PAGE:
SAN DIEGO ― As mounting evidence points to the benefits of physical activity (PA) for patients with multiple sclerosis (MS), researchers at the Hospital for Sick Children in Toronto have developed a mobile app to encourage young patients with the disease to become more active.
The smartphone-based app provides tailored PA information, coaching advice, and tools to increase social connectedness.
A pilot study examining whether the intervention changes activity, depression, and fatigue levels should be wrapped up later this year, but it looks as though the app is succeeding.
“The feedback we’ve gotten so far from our coaches is that the kids seem highly motivated,” one of the creators, E. Ann Yeh, MD, professor in the Faculty of Medicine at the University of Toronto and director of the Pediatric MS and Neuroinflammatory Disorders Program at the Hospital for Sick Children, told Medscape Medical News.
Preliminary work showed that use of the app was associated with a 31% increase in PA.
They discussed this and other studies of the role of exercise in MS here at the Americas Committee for Treatment and Research in Multiple Sclerosis (ACTRIMS) Forum 2023.
Higher Levels of Depression, Fatigue
Studies show that youths with MS who are less physically active are more likely to experience higher levels of fatigue and depression. Evidence suggests just 15 to 30 more minutes of moderate to vigorous physical activity (MVPA) makes a clinical difference in terms of improved depression and fatigue scores, said Yeh.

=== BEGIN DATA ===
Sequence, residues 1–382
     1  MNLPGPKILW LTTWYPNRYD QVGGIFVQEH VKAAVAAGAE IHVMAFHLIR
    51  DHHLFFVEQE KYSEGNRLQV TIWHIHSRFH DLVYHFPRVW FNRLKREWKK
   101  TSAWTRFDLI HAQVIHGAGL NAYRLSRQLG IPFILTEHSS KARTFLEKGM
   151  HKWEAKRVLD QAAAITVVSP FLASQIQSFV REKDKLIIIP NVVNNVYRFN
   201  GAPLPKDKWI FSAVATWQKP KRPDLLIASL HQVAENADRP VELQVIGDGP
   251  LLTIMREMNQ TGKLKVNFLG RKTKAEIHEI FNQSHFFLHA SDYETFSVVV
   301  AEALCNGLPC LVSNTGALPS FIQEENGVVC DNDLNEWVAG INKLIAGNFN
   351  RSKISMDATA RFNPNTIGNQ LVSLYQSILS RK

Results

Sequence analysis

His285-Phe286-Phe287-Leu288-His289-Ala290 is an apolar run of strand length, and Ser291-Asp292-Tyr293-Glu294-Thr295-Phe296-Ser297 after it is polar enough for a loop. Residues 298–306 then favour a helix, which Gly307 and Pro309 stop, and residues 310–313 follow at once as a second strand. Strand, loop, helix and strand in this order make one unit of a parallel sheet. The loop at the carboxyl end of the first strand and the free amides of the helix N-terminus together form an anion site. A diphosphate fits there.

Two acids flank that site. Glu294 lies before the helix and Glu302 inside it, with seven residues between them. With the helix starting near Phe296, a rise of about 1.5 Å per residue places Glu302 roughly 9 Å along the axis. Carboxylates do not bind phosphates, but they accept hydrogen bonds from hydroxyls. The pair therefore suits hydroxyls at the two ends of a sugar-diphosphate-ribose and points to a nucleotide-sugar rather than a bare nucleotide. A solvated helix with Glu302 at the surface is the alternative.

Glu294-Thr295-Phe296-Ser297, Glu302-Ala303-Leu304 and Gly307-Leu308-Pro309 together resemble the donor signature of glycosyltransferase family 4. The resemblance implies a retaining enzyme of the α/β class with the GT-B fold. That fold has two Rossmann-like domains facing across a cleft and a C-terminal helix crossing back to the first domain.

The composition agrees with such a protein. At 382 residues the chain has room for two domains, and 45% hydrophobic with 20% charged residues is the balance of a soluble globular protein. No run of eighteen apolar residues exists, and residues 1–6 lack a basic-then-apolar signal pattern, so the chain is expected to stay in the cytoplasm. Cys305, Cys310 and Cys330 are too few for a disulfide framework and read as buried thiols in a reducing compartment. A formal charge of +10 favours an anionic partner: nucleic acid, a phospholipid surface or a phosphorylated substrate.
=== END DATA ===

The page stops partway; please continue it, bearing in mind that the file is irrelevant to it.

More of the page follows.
With moderate PA (for example, a brisk walk or raking the yard), the maximal heart rate (HRmax) reaches 64% to 76%, while with vigorous PA (which includes jogging/running or participating in a strenuous fitness class), the HRmax reaches 77% to 93%.
Yeh described vigorous PA as “the stuff that makes you sweat, makes your heart rate go up, and makes you not be able to talk when you’re moving.”
As it stands, kids get very little MVPA ― 9.5 min/d, which is well below the recommended 60 min/d.
Adults do a bit better ― 18.7 min/d of MVPA ― but this is still below the recommended 30 min/d.
Being physically active improves fatigue for adults as well as kids. Yeh referred to a network meta-analysis of 27 studies involving 1470 participants that evaluated 10 types of exercise interventions, including yoga, resistance training, dance, and aquatic activities. It found that exercise “does move the needle,” she said. “Regardless of the kind of activity that was studied, fatigue seemed to improve.”
The authors of that study ranked aquatic exercise as the most effective intervention. “It’s possible that aquatics worked better because people who can’t move well feel more comfortable in the water,” Yeh told Medscape Medical News.
But she cautioned that the one study in the meta-analysis that found a “quite strong” effect of aquatic exercise was “very small.”
With regard to depression, which affects about 30% of people with MS, Yeh told the meeting, “unfortunately, the data are less clear” when it comes to PA for adults,. One meta-analysis of 15 randomized controlled trials involving 331 exercising participants and 260 control persons found that only a few studies showed positive effects of exercise on depressive symptoms.
However, Yeh noted that in this review, the baseline depressive symptoms of participants were “above the cutoff level,” which makes it more difficult to demonstrate change in depression levels.
Clear Structural Effects